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In The Name Of The Mother

Part Twenty

Somewhere Beyond the Habitats, Planet Motavia

Once again, the darkness surrounded Orakio.  It was almost a relief to operate at optimum efficiency, after being forced to deal with the organic beings in his care.  Protecting at a distance was much more Orakio's style.  It meant he could work unimpeded by Palman pestering and limitations.  Far better to work here in the darkness, saving the system's power by using his own nearly inexhaustible reserves.  He listened for a moment.  The humming of machinery was far from a distraction.  Rather, it was a comfort to know that the weapons factories of this place were hard at work, constructing Wrens and Mieus for use in the war effort.

Orakio was as proud of this place as an android could be.  It was not precisely a system, though only those who had access to a system could possibly gain access to the well defended fortress that was Valhalla.  Orakio had first created the facility, code named VHAL, when it became apparent that the limited number of production lines at the Vehicle Depot he had switched over from transport to android were terribly inefficient.  Dedicated lines built especially for the task of churning out what would become Orakio's work force were much better and allowed the Vehicle Depot to return to its primary function.

He imagined Laya must have had to change her organic production lines when she decided to begin using biologics for altering the natural order of things rather than simply maintaining a balance.  And now that she had begun using her creatures as soldiers, did Valhalla have a Dezolisian equivalent?  Whether it did or not, the facility would certainly justify its construction time and effort now.

For Orakio had realized that Laya would inevitably win a war of attrition.  His robot troops were more than a match for a dozen of Laya's finest, but there would be dozens.  Dozens of dozens.  And more.  It was far easier to create biological weapons than inorganic soldiers.  Raw materials she had in plenty, while he would inevitably run short.  And he could not hope to match the flow from Dezolis's Biosystem, LRVA.  Destroying the transport shuttle had been a good step, but Laya would not long be deterred by that.  So he had to come up with some way to tip the scales back in his favor.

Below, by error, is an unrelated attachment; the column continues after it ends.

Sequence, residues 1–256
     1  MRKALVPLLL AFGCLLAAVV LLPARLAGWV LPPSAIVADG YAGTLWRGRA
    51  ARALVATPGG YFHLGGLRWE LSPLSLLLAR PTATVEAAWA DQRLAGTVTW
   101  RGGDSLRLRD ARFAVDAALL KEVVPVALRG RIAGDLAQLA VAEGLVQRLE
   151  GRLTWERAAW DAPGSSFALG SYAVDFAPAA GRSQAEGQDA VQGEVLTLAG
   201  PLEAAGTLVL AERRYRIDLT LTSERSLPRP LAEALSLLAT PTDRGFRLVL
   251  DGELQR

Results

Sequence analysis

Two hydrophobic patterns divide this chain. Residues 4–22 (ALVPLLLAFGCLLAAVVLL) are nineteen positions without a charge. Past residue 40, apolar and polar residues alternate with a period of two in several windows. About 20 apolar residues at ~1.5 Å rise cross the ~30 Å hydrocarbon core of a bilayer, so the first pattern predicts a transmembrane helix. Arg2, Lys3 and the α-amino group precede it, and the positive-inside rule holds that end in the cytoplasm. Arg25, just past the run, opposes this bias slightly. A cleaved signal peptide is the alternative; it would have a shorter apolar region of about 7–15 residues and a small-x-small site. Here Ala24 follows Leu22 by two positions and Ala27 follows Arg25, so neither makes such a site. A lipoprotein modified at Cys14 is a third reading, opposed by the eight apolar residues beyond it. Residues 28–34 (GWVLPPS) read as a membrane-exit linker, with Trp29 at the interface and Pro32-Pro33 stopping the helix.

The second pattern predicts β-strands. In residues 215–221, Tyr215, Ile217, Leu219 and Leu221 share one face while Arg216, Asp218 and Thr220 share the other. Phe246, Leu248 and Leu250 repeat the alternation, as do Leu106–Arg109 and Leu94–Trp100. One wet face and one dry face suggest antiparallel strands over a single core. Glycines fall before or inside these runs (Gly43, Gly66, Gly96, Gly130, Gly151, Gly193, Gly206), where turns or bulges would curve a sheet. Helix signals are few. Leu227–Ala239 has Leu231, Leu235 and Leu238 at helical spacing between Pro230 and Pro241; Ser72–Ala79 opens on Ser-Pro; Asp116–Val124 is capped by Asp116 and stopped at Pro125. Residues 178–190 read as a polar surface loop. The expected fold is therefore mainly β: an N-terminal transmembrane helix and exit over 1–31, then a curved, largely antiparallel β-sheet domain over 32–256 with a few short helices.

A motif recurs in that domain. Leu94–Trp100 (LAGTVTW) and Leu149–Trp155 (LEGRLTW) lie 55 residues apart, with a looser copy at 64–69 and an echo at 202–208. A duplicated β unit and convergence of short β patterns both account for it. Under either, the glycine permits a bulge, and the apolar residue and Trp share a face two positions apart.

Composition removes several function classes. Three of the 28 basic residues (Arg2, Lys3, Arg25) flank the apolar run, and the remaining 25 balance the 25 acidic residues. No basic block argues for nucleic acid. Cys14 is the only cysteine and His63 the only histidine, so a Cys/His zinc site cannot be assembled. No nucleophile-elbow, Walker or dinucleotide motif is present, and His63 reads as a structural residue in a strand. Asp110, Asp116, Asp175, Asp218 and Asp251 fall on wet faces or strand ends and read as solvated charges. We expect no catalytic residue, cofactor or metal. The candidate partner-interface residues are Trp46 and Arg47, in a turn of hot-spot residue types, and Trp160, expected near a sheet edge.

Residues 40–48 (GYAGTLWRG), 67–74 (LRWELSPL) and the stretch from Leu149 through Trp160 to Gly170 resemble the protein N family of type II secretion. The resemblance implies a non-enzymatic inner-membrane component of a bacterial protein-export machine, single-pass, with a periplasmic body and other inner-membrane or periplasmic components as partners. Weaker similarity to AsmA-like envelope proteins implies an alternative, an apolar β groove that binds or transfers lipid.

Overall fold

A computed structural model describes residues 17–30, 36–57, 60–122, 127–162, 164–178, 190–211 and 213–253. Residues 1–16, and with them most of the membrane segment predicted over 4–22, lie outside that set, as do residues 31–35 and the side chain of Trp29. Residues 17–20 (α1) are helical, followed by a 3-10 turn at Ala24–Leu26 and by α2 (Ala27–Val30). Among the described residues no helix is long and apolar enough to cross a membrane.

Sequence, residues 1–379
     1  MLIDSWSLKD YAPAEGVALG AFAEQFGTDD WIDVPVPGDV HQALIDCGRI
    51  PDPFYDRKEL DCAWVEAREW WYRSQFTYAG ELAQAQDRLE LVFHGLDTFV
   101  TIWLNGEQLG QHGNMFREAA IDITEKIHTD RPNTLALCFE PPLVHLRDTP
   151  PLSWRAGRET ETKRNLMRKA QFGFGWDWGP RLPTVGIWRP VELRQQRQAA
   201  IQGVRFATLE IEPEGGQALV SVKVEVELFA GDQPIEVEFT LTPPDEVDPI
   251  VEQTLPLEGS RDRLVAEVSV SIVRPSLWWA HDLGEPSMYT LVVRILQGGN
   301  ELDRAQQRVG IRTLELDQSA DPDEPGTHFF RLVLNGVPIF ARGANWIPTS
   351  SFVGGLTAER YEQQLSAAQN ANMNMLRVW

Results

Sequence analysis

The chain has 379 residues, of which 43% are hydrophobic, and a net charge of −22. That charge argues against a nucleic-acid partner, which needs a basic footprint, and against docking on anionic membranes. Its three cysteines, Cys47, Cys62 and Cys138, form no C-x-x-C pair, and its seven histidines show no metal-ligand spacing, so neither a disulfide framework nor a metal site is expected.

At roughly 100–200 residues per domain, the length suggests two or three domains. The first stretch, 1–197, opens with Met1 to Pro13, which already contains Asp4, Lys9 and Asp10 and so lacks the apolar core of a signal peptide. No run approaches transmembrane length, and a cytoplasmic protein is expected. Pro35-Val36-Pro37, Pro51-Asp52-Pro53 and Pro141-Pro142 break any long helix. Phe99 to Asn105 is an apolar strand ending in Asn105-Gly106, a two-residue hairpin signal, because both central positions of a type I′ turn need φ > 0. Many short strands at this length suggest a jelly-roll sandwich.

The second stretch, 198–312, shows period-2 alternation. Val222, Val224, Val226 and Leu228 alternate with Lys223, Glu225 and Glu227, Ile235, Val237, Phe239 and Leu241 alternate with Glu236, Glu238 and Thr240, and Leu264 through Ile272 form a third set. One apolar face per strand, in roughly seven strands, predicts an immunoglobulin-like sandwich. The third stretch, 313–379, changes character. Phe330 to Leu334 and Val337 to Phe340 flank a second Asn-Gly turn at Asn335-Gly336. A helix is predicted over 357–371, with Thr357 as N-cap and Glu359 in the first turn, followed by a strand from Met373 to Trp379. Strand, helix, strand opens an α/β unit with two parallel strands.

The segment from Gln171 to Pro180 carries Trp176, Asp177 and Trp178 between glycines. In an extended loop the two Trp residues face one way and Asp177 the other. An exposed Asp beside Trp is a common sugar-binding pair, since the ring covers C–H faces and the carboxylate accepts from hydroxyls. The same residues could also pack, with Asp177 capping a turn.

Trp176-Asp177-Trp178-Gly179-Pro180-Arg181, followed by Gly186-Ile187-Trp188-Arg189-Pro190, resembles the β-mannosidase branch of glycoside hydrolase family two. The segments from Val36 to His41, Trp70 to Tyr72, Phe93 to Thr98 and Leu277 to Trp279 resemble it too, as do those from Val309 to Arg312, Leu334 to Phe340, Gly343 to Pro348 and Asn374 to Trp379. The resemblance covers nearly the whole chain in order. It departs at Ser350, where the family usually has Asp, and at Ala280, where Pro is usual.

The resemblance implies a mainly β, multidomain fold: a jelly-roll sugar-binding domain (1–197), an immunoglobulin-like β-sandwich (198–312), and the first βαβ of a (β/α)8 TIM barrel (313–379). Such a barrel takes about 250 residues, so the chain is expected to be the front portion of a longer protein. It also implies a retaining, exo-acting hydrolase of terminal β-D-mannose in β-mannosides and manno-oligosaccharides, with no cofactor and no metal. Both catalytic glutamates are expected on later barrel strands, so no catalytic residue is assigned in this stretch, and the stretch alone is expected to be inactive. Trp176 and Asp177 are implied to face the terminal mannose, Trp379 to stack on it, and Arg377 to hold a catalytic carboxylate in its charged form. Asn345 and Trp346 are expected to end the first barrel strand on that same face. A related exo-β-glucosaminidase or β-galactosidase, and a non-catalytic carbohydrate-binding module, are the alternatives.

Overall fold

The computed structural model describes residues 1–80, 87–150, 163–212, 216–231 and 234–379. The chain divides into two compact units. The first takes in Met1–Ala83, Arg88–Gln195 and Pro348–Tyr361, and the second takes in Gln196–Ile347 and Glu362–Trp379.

He had found his answer.  He had found it in the enemy's champions, Lune and Alair.  And in the unseen foe who stood with if not behind them, the one who could predict so accurately and take advantage of so devastatingly the Orakians' moves.  They were the current threat.  And if he could not kill them directly, he would have to kill them indirectly.  By creating his own champions.

Not the Palmans he had been fighting alongside.  Bran was not strong enough, Thor too unreliable.  Cille he did not trust, Kara was too necessary where she was.  Better to operate at a higher level entirely, with a brand-new champion he could be sure was strong and loyal.  That one was almost ready now.  Just a few more hours of work.  And as for the other...he had some thoughts along that line.  He didn't want to use his obvious resource...the ears would be a giveaway.  That was the whole idea.  But the alternatives were limited.  There were ways of artificially boosting a Palman's abilities to the necessary level, but they were problematic at best.  Perhaps the next battle would provide a volunteer.

The first champion was almost ready.  Orakio hesitated for a moment, before giving the Wrens final orders for the personality programming.  Was it truly necessary?  It would guarantee loyalty and dedication beyond simple programming.  But the personality was almost sure to disagree with logical decisions.  It would be driven more by...well, call it emotion for lack of a better word, than rational thought.  Orakio reminded himself that it was precisely that effect that he was trying to create.

A hatred to match Lune's.

And a superior one, at that.  For this hatred would be reinforced, absolute.  Not like Lune's, wavering because of such ridiculous notions as honor and respect.  This champion would be perfect.

Yet Orakio hesitated.  Slowly, very slowly, he turned to one of his Wrens, clearly visible in the spectrum to which Orakio's optic sensors were currently attuned.  It was brand-new, straight off the production lines of Valhalla.  It looked up at him patiently, awaiting the order that would activate the being that hung lifeless beyond the glass wall.

"What do you think?" Orakio asked.  It was very close to being an utterly illogical question, for Wrens, while independent, had been programmed by Orakio to be extensions of himself.  There was little doubt that the Wren would disagree with his master, his parent, his creator.  But for the statistically small chance that the Wren would offer him a way out of his peculiar quandary, he asked it its opinion.

"Death to all Layans," the Wren said, calmly and without feeling.  "Destroy them all."

Orakio nodded sharply, transmitting the final orders.  The program executed.  Power surged.  Orakio could not turn away, but his optic sensors tuned themselves back to the spectrum of ordinarily visible light.  So he would not have to perceive directly his ultimate creation's awakening.

It made no difference.  He could see its glowing red eyes, like distant fires.  They were the color of its hair.  The color of blood.  But Orakio felt nothing.  It was impossible for him.

And the newly created champion itself?  How did it feel as it awoke into its war-torn world?

Siren felt like laughing.

City of Divisia, Elysium Habitat, Planet Motavia

"They are going to attack Rysel," Alec reported.  "I have confirmation from a reliable source."

Lune grunted.  "So your ruse was a success.  I'll admit I'm impressed.  But I had hoped they would try to strike here."

Alec shook his head.  "I did, too, but it seems the Orakians are past that kind of simple trick.  We'll just have to make do with what we can get."

"So we just let them waste their time?  Or move in on Landen?"

"Neither.  We'll meet them at Rysel."